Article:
VIDEO: Kids Experiment with Homemade Gluten-free Tortillas
If you can’t see the video above, click Kids Help Cook in Homemade Tortilla Testing (Whole Grain Gluten Free Experiments)re to see it directly on YouTube.
The mill we are using in the video is the Mockmill, which we’ve been using all winter/spring to test whole grains:
- Free US shipping
- Full 6-year warranty
- Info about freshly milling grain and recipes
Click over to Mockmill, and use the code kitchenstewardship2019 at checkout for a little discount. 😉
Mexican Night with Lots of Help from Kids Who Know How to Cook
Once we had the tortillas rocking the griddle, we ended up having EVERYONE helping, including our neighbors who my kids begged to be able to stay for dinner. Look out – if you come to dinner at the Kimballs’, you might get put to work, kids included!
Quinn and Paul are the stars of the Advanced Level of our Kids Cook Real Food eCourse and made one of their favorite dishes from the course, egg-fried rice, while John and his buddy (Quinn’s brother) grated cheese – an important ingredient for quesadillas of course!
Notice how the little guys are at the table – one of my hot tips for parents to improve elbow room issues when inviting kids into the kitchen.
Looking for fun summer break activities?
Summer camp canceled? What an opportunity to do something your kids will remember (and use) every day, forever!
You know they’ll be eating their whole lives, and you want it to be healthy food.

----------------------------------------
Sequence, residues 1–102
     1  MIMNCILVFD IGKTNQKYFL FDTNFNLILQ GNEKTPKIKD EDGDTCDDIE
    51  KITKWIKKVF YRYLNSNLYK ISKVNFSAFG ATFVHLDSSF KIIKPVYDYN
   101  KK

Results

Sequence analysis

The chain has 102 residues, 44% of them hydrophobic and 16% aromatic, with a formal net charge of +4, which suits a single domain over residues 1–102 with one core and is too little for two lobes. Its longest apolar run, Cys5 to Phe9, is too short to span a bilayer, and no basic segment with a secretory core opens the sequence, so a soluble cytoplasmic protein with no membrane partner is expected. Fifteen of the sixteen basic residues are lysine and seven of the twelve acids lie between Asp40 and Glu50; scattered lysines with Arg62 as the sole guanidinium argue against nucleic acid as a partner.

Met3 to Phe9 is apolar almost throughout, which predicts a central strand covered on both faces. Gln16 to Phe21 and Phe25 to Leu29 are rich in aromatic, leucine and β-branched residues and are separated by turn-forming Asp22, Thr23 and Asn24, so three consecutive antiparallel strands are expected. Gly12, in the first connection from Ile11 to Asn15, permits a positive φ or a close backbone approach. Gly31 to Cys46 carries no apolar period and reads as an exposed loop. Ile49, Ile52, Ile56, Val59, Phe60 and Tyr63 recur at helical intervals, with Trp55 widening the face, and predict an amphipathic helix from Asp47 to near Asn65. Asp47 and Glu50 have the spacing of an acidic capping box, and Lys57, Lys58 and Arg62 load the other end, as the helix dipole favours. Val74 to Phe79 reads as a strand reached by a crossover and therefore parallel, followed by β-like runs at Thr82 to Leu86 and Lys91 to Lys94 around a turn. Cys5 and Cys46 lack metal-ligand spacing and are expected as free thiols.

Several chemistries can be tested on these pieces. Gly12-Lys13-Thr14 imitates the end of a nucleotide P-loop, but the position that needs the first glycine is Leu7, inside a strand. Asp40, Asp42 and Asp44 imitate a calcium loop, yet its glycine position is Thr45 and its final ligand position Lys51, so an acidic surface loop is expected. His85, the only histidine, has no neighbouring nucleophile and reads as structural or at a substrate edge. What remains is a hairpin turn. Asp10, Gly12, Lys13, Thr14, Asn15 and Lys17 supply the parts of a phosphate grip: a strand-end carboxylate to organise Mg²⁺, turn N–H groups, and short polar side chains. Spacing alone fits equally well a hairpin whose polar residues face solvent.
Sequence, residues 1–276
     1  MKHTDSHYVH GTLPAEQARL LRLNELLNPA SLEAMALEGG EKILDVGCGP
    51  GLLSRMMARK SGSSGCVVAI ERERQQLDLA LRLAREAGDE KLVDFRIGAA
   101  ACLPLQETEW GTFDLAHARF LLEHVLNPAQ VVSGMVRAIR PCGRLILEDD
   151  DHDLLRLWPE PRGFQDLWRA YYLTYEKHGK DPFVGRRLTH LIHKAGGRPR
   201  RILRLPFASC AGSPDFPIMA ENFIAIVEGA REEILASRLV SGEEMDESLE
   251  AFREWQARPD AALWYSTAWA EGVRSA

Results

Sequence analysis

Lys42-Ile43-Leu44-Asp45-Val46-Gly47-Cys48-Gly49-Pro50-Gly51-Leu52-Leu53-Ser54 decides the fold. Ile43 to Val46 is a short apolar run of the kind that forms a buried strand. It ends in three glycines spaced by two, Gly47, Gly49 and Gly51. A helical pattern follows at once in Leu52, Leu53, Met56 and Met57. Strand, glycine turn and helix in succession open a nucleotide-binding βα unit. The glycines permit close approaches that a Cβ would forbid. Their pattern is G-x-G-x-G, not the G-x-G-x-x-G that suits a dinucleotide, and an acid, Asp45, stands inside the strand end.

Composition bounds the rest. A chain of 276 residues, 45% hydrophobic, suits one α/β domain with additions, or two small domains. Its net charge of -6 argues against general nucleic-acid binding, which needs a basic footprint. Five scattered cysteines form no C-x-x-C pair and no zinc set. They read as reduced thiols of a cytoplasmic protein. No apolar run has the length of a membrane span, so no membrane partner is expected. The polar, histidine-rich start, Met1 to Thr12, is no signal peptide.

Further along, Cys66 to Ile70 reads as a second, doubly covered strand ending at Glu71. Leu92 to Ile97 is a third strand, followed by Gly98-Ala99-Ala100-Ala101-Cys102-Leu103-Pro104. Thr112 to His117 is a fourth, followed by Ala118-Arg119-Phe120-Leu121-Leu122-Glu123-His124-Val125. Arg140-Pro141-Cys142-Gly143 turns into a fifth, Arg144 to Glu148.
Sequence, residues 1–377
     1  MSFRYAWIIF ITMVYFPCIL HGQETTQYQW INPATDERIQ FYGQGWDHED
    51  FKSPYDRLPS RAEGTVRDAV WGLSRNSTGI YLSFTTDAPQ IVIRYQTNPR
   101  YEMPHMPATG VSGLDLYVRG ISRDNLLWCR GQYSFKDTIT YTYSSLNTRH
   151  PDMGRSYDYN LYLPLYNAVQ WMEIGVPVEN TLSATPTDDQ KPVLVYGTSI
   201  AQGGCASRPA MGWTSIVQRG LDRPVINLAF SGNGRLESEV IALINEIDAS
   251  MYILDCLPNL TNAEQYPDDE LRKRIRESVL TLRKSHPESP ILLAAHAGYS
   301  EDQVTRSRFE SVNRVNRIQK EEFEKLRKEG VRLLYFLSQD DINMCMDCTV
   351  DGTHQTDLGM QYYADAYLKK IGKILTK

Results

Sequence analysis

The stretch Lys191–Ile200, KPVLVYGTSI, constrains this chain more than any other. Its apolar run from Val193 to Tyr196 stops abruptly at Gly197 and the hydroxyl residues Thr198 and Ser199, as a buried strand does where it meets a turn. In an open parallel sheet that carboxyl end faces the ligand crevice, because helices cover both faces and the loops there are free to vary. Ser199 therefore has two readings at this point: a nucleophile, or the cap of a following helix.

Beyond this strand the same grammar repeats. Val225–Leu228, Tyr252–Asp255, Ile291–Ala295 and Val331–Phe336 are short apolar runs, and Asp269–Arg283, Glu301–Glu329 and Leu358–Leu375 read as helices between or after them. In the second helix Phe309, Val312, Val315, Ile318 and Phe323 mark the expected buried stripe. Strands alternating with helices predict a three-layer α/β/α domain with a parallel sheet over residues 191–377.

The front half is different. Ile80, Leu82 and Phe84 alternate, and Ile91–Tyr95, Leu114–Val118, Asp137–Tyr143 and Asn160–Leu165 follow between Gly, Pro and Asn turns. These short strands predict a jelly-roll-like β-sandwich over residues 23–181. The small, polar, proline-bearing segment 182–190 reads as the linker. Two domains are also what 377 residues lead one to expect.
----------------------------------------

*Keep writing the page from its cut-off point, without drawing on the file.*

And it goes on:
Empower them to cook for themselves NOW and reap the benefits for the whole family!
Want to try out one of our the Kids Cook Real Food eCourse video lessons as a relaxed way to spend quality time with your kids? Our 10-minute knife skills video is a perfect at-home activity and we’re making it available free right NOW!
Grab it here and head to the kitchen with your kids!
Are homemade gluten-free tortillas (with no gums!) possible? YES! The dough can be tricky to work with but totally doable. These tortillas make excellent quesadillas!
- 110g whole grain sorghum (about a cup of flour)
- 55g quinoa (about 1/2 cup flour)
- 40g millet (a scant 1/3 cup flour)
- 40g brown rice (about 1/3 cup flour)
- 30g garbanzo beans (about 1/3 cup chickpea flour)
- 1 Tbs. psyllium husk
- 1 tsp. baking powder
- 1 1/2 tsp. Real salt
- 2 Tbs. palm shortening
- 1/2–1 c. room temperature water (we used 3/4 cup)
- Weigh and grind all the whole grains to make flour in a medium bowl.
- Add the psyllium husk, baking powder and and stir until uniform.
- Use a pastry blender to cut the palm shortening into the flour mixture. If there are large chunks, get your hands in there and pinch them between your fingers to incorporate them into the flour until no fat is larger than the size of a pea.
- Add water bit by bit and mix into the dough (just use your hands!) until all the flour is pulled into the mixture. It will be a bit sticky but not too crazy.
- Let dough rest 30 minutes (this is important for the psyllium husk to do its binding work).
- Make 12-16 balls of dough.
- Heat a cast iron griddle or skillet to medium.
- Use two pieces of parchment paper and roll the dough into a circle as best you can. It’s much softer than whole wheat tortilla dough, so use a gentle touch at first.